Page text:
Help with newbie on finding right antenna

B

Bullnugget

Guest
#1
I just recently cut the DirecTV bill. I am looking for an antenna to pick the local channels. Most likely will be an outdoor one. I live about 45-50 miles from the Columbus stations, which is where I will get ABC,CBS and FOX, they also have NBC but there is a local NBC station about 12 miles, which I can pick up easily with an indoor antenna. I am wanting to pick up the other channels as well, UHF channels since they would be above 14 right? I am having a hard time finding a long range UHF/VHF antenna. I plan on putting it on the corner of my house using the existing mount for the dish. I have checked out Tvfool but don't quite understand it all. My address is 6375 Windsong Way, Nashport Ohio 43830 if this will help.
 

dave73

DTVUSA Member
#2
Estimated TV Fool at 20 ft.

I don't know how high you can go up on your antenna, but at 20 ft as I estimated, it doesn't look promising. Columbus is a UHF only market, & a VHF/UHF antenna isn't necessary. It would only be good if you're looking to DX stations, but even then, there aren't many VHF stations in other markets near Columbus. Even Dayton went all UHF. You will definitely need a rotator, since you have stations in all directions. Either a Winegard HD9032 or HD9095, or Antennacraft MXU47 or 59 will work for directional yagi antennas. Even the Antennas Direct 91XG could work. For the 4 or 8 bay antennas, I overall recommend the Antennas Direct DB series (either the DB4e or DB8e for the newer versions, or DB 4 or 8 for the older series, where available, as both are discontinued). BTW guest, you should not have posted your actual address.
 
#3
I have checked out Tvfool but don't quite understand it all.
:welcome: Bullnugget,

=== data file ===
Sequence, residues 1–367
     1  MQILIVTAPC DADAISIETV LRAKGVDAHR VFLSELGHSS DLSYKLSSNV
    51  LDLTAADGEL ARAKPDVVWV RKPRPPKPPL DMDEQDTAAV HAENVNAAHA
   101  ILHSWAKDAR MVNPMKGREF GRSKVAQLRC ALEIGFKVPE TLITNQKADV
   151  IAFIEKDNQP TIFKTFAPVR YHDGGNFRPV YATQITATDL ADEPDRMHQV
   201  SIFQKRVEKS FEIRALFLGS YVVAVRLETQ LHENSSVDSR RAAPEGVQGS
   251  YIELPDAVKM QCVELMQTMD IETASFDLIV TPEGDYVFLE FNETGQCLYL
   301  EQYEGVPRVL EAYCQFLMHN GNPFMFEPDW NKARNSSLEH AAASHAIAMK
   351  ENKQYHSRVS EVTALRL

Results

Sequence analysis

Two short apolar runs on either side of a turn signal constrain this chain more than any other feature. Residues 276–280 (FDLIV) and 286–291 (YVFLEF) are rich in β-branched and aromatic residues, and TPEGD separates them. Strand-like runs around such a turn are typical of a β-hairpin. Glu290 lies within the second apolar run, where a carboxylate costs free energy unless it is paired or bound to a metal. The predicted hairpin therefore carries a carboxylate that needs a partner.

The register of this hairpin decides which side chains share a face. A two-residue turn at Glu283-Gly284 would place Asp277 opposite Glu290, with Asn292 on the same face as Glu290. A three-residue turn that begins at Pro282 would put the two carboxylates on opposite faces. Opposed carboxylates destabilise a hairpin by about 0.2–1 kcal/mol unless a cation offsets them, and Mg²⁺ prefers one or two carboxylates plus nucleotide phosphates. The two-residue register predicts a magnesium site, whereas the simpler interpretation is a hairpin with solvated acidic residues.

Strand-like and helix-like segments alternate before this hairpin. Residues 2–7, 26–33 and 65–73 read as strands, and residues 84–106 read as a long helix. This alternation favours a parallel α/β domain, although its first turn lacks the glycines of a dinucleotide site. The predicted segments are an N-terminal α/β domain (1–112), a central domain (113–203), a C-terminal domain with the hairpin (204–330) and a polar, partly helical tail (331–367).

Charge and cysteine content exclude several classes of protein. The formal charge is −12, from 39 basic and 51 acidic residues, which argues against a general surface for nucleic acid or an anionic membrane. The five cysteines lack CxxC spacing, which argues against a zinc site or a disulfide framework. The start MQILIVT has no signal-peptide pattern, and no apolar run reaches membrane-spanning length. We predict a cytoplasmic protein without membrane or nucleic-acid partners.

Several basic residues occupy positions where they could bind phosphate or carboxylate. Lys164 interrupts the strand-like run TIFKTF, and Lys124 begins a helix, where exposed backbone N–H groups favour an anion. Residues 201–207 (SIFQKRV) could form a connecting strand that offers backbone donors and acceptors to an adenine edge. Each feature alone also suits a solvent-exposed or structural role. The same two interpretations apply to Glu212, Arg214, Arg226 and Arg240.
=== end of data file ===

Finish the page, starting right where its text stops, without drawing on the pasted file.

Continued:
The main figure to look at on the TVF Report is NM, which stands for Noise Margin. Stations are listed in order of edumacated-guess signal quality to your address, or "noise margin." One expert here (dkr?) once said NM needs to be greater than 10 for a 2 edge signal -- which means all but two of those stations listed are going to be real bears for you. So Dave73 is spot on, as usual. (Boring, ain't it? :evil:)

Rick
 

Jim5506

DTVUSA Member
#4
With a pre-amp and a deep fringe antenna signals down to ).0 NM are usually receivable 24/7.

Below 0 to -15 or so, you may receive the signals at night or when atmospheric conditions are optimal.

WHIZ may cause you problems because of its proximity - overloading your tuner with a pre-amp.
 
B

Bullnugget

Guest
#5
Thanks for the reply's, I have decided to go with the db8e, as I think it will be my best bet, and there are some great reviews on this. Will a pre-amp help the matters? Which one should I choose?? I don't even know what to look for....I also am not even sure how to tell which channels are uhf and which are vhf, Obviously 2-14 are UHF, but according to tvfool it says example WBNS is virtual channel 10.1, but real channel 21? I can pick up WHIZ right now with just a cheap indoor antenna, it is channel 18.1, but when scanning the channels to find them it doesnt show up untill channel 40? I am sorry, this is all so confusing?
 

Similar threads

Top